Denton’s green eyes flickered with amusement. “We’ve had our share of roustabouts with the war ending. I tend to be an impatient sort when it comes to trouble. I figure it’s best to head off a problem rather than fix one. But, just the same, it wouldn’t do me or the town much good to have to shoot Mecklin.” He smiled. “That’s the railroad detective.”

 

Kerrian returned the smile. “Why does this man concern you so much?”

 

“From what I’ve heard, he’s quick to take charge. Prides himself on always getting his man.”

 

“Is that so bad?”

 

“Only when the innocent get in the way. He’s always left a few bodies between him and the man’s he’s hunting. No one has ever called his hand. Seems to have free rein wherever he goes.”

 

“Why?”

 

“It’s all about accommodation. The railroad pretty much calls the shots in small towns like ours. Money talks,” Denton said, lifting his hand to the side of his face and rubbing his thumb back-and-forth against the tips of his four fingers. “If your town’s lucky enough to be touched by the magic wand of the iron rail, it can’t help but grow.”

 

“And?” Kerrian said, squinting at his visitor.

 

“And, if the railroad decides to pull up stakes and leave, bad things happen. Those places just die up. They wither away. Become ghost towns. We fought long and hard to attract the railroad. Mecklin is the lead detective, with a long record of success and he pretty much can do what he wants because he has brought bad people to justice and recovered thousands of dollars in stolen gold.”

 

“What’s your end game, sheriff?”

 

“I don’t want him turned loose to do as he pleases.”

 

“So, don’t let him.”

 

“Easier said than done, Detective Kerrian. The town council has pretty much told me to butt out. Or, if I do butt in, to let Mecklin call the shots and not interfere in a way that puts the town at risk of looking uncooperative in the eyes of the railroad.”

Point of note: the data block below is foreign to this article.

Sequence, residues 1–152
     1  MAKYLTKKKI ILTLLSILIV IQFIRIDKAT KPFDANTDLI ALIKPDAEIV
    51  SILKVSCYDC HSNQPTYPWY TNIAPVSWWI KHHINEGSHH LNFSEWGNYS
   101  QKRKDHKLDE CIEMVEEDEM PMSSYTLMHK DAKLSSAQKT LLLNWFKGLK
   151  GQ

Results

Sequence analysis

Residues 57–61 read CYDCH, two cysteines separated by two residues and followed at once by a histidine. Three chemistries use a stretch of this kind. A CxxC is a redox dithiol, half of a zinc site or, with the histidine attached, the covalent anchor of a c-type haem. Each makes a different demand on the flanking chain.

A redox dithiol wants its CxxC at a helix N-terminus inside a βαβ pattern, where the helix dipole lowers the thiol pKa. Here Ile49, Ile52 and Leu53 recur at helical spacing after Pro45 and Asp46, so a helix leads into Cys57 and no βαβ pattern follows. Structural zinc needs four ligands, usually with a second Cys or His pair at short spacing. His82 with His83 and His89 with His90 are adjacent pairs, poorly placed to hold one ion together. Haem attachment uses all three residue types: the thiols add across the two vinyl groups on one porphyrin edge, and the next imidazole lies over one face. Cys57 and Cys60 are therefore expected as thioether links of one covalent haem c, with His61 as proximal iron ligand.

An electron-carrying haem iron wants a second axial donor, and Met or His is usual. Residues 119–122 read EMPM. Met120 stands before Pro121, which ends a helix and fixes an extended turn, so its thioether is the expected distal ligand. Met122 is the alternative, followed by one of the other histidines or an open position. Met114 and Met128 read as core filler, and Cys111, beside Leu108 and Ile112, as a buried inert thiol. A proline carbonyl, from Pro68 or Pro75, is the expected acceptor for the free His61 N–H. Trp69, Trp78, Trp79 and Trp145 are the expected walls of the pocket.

Kerrian didn’t say anything, and closed his eyes. Seconds later, he opened one eyelid and squinted, and then opened the second one, seeming to bring Denton into sharp focus. The movement of the eyelids reminded Denton of a couple of windows opening.

 

“My intuition tells me you’re not going to allow Mr. Mecklin to have his way, no matter what the risk. No matter what the consequences.”

 

“Is that your advice?”

 

“You don’t need advice, sheriff. You just needed to hear the words out loud.”

 

A smile played on Will Denton’s lips.

 

“Reckon you’re right about that, Detective. My town. My rules.

 

A door to another room opened, and a gentle-looking woman smiled at Denton, and nodded to her husband, who glanced at his pocket watch.

 

“Will, we’d like you to join us for a home-cooked meal and a glass of sweet tea. And, one of Sheila’s wonderful desserts, of course.  Would you do us the honor?”